Anxious about college admission? Colleges cannot ask about a disability before admission or treat an applicant differently during the admissions process because of disability.
Both the Americans with Disabilities Act (“ADA”) and Section 504 of the Rehabilitation Act of 1973 (“Section 504”) prohibit discrimination against individuals with disabilities by colleges and universities. The United States Department of Justice, the agency charged with interpreting the ADA, has partially delegated authority to enforce Section 504 and the ADA to the Department of Education Office for Civil Rights (“OCR”) with respect to the rights of college students.
The Department of Education regulations say that, except to take corrective remedial action, a college or university may not make pre-admission inquiries into whether an applicant is a person with a disability or needs accommodations. Prior to admission, a college or university may only inquire about disability status if it is taking remedial action to overcome past discrimination, the information requested is purely on a voluntary basis, and refusal to provide the requested information will not subject the applicant to adverse treatment. The college or university must also keep the requested information confidential, and use it only in accordance with its remedial action efforts. (34 C.F.R. § 104.42(b) and (c)).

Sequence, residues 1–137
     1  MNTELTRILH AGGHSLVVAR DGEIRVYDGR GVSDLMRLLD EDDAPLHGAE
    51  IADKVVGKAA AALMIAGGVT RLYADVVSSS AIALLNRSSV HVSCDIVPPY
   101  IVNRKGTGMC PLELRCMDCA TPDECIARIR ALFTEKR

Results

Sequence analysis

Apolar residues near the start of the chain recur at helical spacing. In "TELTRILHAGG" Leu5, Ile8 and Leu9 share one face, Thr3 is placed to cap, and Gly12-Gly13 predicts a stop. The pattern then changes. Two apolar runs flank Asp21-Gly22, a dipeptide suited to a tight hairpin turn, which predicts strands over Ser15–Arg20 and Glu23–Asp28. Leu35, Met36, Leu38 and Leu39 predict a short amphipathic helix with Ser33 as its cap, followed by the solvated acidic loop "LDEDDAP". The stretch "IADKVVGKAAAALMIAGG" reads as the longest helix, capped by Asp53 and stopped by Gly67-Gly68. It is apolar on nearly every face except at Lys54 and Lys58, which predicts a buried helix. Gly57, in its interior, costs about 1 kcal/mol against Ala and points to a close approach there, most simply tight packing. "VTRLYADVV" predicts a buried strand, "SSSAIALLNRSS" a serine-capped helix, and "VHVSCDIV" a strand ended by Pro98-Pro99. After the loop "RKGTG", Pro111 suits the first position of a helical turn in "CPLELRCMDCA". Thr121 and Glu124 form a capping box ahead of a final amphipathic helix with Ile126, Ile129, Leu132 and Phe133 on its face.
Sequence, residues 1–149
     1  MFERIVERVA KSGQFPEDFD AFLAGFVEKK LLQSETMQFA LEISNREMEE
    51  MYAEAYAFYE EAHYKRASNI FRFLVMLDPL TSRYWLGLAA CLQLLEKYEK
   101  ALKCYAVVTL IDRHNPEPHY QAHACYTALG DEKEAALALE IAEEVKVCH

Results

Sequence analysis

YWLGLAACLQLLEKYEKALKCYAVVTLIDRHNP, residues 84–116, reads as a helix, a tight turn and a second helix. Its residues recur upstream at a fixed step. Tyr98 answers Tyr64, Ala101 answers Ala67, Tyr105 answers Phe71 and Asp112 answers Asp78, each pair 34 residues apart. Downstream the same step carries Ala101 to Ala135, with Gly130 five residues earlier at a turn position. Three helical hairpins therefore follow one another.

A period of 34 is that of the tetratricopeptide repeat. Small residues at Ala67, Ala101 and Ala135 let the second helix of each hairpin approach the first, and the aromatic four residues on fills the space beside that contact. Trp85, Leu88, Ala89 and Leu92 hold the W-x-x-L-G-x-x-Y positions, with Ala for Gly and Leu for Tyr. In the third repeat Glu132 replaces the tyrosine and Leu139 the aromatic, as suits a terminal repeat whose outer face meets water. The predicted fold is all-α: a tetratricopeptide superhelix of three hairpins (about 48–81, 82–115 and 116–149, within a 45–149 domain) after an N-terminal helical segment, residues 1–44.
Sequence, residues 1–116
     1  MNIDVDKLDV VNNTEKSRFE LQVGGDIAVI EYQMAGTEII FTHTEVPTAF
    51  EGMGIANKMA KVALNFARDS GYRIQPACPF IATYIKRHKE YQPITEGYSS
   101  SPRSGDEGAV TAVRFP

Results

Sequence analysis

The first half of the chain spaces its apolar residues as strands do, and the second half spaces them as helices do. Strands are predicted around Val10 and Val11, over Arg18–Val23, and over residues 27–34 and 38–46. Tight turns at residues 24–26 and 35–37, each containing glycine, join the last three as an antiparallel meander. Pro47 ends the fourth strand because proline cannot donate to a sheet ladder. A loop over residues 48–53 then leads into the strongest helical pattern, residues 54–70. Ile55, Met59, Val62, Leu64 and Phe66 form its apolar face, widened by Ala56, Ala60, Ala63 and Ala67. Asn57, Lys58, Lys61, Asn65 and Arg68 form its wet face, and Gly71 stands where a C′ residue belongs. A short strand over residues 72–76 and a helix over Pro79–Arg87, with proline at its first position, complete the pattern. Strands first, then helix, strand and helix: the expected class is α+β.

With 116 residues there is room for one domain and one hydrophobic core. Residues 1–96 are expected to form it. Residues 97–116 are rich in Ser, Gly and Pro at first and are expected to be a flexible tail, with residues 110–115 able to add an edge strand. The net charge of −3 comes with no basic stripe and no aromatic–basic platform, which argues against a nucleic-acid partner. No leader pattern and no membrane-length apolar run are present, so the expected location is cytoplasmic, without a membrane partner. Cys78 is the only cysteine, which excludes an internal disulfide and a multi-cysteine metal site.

After an applicant has been admitted, the college or university may inquire, on a confidential basis, whether the prospective student has a disability that may require accommodation. However, the inquiry may only be made to determine what, if any, accommodations are necessary, not to determine admission. (34 C.F.R. § 104.42(b)).
To see how the Office for Civil Rights has applied these regulations, see http://awe.sm/5eEDw